How much methane does a cow actually produce?

Cows are notorious for the amount of methane they produce. Methane is a powerful greenhouse gas (GHG), but just how much do cows actually give off and how does this compare to other methane emission sources? This post tries to give an overview of all things methane and cows..

Where does the methane come from?

The plant diet of cows and other ruminants is high in cellulose, which cannot be digested by the ruminant itself. However, ruminants have a symbiotic relationship with colonies of microorganisms, called methanogens, which live in their gut and break down the cellulose into carbohydrates.. These carbohydrates provide both the microbial community and the ruminant with an energy source. Methane is produced as a by-product of this process.

A common misconception is that the cow’s rear end emits methane, however the vast majority is released orally. Researched carried out by Grainger et al. in 2007 found that 92-98 % was emitted orally (I won’t go into detail about how they found that out!). It is also wrong to think that all bovines emit the same amount of methane but I will go into this in more detail later on in the post.

Global Bovine Emissions

Global emissions of methane were estimated to be between 76 – 92 Tg per year (1 Tg = 1 million metric tonnes). This is roughly equal to ~10-15 % of global methane emissions, which in turn is ~15 % of global GHG emissions. Methane is a more potent GHG than CO2, which means that gram for gram methane warms the atmosphere more than CO2. Methane also has a much shorter lifetime in the atmosphere compared to CO2 (~10 years compared to 100s of years) which will produce more rapid impacts on the global climate. This also means that any reductions in methane emissions will see a faster decrease in atmospheric concentrations than compared to CO2.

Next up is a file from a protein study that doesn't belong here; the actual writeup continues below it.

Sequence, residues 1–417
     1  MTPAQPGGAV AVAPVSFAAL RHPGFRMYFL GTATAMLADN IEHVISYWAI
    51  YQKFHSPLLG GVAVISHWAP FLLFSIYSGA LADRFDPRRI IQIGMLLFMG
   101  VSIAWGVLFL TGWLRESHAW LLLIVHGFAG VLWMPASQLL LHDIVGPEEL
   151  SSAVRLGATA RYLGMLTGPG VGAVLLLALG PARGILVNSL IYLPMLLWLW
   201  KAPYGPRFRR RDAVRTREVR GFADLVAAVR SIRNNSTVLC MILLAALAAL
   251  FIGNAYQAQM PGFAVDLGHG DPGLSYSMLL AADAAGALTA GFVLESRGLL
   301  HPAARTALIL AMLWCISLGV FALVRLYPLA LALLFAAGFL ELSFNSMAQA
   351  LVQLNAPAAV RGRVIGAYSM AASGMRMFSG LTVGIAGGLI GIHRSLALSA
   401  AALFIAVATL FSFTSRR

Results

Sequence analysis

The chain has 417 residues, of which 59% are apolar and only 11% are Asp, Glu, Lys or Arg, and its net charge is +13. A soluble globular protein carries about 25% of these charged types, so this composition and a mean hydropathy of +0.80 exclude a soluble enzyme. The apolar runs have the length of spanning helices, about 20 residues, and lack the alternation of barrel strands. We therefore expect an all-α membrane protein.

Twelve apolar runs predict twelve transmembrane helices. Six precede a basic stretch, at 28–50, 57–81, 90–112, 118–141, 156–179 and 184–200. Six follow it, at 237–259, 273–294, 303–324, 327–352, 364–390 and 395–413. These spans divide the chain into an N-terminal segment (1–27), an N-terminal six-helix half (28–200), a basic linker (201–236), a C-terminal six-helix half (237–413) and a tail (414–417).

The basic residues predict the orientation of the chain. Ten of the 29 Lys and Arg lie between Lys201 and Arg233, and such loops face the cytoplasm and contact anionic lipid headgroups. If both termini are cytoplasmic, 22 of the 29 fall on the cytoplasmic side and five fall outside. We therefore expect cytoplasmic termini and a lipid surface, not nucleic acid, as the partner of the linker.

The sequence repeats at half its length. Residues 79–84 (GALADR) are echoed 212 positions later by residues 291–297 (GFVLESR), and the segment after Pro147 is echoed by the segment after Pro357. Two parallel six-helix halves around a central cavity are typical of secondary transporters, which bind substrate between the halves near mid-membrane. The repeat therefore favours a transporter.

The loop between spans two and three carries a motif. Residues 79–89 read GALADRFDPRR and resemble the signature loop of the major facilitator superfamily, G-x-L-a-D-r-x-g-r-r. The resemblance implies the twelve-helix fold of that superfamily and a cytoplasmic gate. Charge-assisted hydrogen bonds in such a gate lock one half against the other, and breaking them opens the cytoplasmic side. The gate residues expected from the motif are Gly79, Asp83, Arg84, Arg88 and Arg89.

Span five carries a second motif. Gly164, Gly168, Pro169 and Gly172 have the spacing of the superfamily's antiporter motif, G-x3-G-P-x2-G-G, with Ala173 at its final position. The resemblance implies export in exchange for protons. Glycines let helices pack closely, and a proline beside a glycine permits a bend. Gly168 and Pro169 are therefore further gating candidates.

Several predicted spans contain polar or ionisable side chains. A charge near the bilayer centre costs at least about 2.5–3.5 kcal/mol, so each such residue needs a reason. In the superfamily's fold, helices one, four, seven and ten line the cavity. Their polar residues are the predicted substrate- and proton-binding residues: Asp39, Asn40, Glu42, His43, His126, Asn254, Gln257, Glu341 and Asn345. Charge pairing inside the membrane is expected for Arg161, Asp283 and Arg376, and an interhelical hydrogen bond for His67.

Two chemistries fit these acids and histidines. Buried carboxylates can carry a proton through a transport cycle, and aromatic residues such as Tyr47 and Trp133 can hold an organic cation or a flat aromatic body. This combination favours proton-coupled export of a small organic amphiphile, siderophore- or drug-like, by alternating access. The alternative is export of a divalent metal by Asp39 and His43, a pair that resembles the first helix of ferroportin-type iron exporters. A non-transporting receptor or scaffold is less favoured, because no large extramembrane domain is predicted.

Dairy vs. Beef (and some other animals)

The table and figure below compares farmed animals in the UK and their contribution to methane emissions per animal per year in kilograms. A dairy cow emits over twice the amount of methane than a beef cow and is by far the highest contributor of all the animals studied. There are also more dairy cows in the UK than beef cattle (1.81 million compared to 1.66 million). All data found from the UK GHG Inventory report 1990-2012. Other research has shown that cows emit methane at regular times of the day, specifically during feeding and milking. Although these figures do not take into account farming and transport GHG emissions and the actual amount of milk each animal produces, perhaps it would be better to buy goat milk? Although the more preferable metric of Carbon per Litre would allow a more concrete conclusion on this point.

Kg CH4 # Dairy Cows
Pigs 1.5 74
Goats 5 22
Sheep 8 14